In addition, some were of the view that ‘any pressure’ on them to ramp-up their NDCs with no indication of any financial support would not be fair to them. Moreover, they were concerned that developed countries were not showing real leadership by enhancing their mitigation ambition in the pre-2020 time frame, and have failed to close the mitigation gap, thus shifting the responsibility onto developing countries to do so.
Hence, there was much discomfort among some Parties on the strong focus of the Presidency on the design of 2018 dialogue and the intention behind this effort. Since the design of the dialogue was not negotiated, how it was to be reflected in the COP 23 decision became a bone of contention. Some Parties especially the small island states wanted to “endorse” the COP Presidency’s informal note on the dialogue while other countries did not want to do so since it was not a negotiated document.
The informal note provided details about the features and design of the dialogue. The dialogue, said the note, will be “structured around three general topics: where are we; where do we want to go and how do we get there.” It consists of a preparatory and a political phase, with the COP 23 President and the COP 24 President (Poland) providing a summary of key messages from roundtables to be held in 2018. The note further states that “it will be important to send clear forward looking signals to ensure that the outcome of the dialogue is greater confidence, courage and enhanced ambition”.
During COP23, the Fijian Presidency had further consultations with Parties on the dialogue. Sources said that apart from the disagreements on how to reflect the informal note in the decision to be adopted, there were also differences of view on the design elements of the dialogue around the involvement of expert institutions, the involvement of the Presidencies, and the outcome of the dialogue itself.
The US and New Zealand could not endorse the informal note as it “was not negotiated by Parties” and was only a proposal of the Presidencies. The EU said it could accept the design “in the spirit of compromise”. The Like-minded Developing Countries (LMDC) were of the view that the dialogue should be a Party-driven process and that the reports of the dialogue should not left to the Presidencies. They also had concerns about the involvement of ‘expert institutions’.
After further consultations, Parties agreed to only “welcome with appreciation” the design of the dialogue and not to endorse the informal note. The decision also stated that the dialogue will start in January 2018.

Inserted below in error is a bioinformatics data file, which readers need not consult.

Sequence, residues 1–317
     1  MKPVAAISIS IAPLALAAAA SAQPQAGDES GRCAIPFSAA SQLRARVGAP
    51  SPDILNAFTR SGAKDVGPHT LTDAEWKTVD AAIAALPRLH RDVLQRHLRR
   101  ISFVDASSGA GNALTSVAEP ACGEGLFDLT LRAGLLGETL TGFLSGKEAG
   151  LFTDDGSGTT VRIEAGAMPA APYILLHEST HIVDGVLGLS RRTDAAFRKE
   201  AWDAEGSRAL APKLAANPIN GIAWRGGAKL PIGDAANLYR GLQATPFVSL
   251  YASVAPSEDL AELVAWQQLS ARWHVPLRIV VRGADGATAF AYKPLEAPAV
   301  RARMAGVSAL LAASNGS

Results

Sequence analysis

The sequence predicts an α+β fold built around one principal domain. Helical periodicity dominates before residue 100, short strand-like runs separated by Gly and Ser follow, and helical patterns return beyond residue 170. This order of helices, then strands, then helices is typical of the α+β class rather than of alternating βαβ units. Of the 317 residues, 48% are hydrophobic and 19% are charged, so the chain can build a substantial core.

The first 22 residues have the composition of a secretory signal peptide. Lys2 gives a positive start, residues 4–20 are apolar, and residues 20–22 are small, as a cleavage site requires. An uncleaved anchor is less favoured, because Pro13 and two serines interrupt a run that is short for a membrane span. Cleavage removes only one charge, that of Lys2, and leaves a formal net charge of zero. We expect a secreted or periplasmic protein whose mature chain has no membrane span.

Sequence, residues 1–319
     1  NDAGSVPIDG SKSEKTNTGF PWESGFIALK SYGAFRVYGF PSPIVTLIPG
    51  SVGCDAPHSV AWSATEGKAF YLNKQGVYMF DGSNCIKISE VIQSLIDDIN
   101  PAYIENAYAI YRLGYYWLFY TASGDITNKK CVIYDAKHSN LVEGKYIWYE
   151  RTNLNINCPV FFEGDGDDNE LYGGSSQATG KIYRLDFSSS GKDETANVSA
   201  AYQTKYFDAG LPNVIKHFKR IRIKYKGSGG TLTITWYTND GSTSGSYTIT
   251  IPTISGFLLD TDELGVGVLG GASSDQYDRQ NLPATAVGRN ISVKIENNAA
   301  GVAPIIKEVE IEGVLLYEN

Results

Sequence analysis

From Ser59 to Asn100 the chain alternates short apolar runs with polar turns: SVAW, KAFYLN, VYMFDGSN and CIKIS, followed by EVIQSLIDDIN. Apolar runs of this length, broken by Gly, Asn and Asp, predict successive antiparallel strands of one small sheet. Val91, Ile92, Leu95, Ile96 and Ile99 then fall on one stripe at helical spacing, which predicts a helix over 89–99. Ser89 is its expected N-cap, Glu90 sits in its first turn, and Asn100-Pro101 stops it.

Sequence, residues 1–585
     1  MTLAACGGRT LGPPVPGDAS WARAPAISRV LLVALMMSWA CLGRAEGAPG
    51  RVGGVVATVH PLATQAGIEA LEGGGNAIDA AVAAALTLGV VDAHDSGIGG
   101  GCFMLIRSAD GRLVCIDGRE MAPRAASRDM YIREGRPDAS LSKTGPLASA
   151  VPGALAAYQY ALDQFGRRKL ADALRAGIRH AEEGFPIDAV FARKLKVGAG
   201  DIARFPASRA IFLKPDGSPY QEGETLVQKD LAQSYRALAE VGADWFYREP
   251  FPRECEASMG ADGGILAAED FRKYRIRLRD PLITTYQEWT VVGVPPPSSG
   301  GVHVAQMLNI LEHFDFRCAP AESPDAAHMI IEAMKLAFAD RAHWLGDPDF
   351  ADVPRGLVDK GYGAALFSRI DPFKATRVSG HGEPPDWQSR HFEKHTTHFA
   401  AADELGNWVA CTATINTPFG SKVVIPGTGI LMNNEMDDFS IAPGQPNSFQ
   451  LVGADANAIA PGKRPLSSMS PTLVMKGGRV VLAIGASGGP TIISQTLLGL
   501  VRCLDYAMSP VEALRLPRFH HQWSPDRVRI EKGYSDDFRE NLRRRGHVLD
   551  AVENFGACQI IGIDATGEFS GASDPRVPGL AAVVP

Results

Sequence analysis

At the Bonn session, the first part of the Talonoa Dialogue will take place, with an opening meeting taking place on the 2 May. It can be expected Parties will continue to have concerns over the report and outcomes of the dialogue, given that the process is being driven by the COP Presidency, rather than by the Parties.
- The Suva Expert Dialogue related to the International Mechanism on Loss and Damage
Last year at COP 23, developing countries, led by Cuba, representing the G77 and China, together with the Alliance for Small Island States, pushed hard for a permanent agenda item under the Subsidiary Bodies to ensure discussions on the Warsaw International Mechanism on Loss and Damage (WIM) take place inter-sessionally, so that the WIM can be effective in helping developing countries impacted by climate change. Developed countries strongly resisted the call by developing countries for a permanent agenda item on the WIM at the intersessional meetings of the Subsidiary Bodies.
Following intense negotiations, as a compromise, agreement was reached to have an expert dialogue to explore a wide range of information at the current session of the Subsidiary Bodies, that also requires the secretariat to prepare a report from that dialogue.
According to the decision adopted last year, the UNFCCC Secretariat, under the guidance of the Executive Committee of the WIM and the Chair of the SBI, was requested to organize, in conjunction with the SBI session in April-May 2018, “an expert dialogue to explore a wide range of information, inputs and views on ways for facilitating the mobilization and securing of expertise, and enhancement of support, including finance, technology and capacity-building, for averting, minimizing and addressing loss and damage associated with the adverse effects of climate change, including extreme weather events and slow onset events and the secretariat is requested to prepare a report on the expert dialogue.”
Known as the Suva Expert Dialogue, this important meeting related to loss and damage will take place on the May 2nd and 3rd.
Given that the outcomes and report of the expert dialogue are a critical step towards the review of the WIM in 2019, the dialogue is expected to draw much attention from developing countries.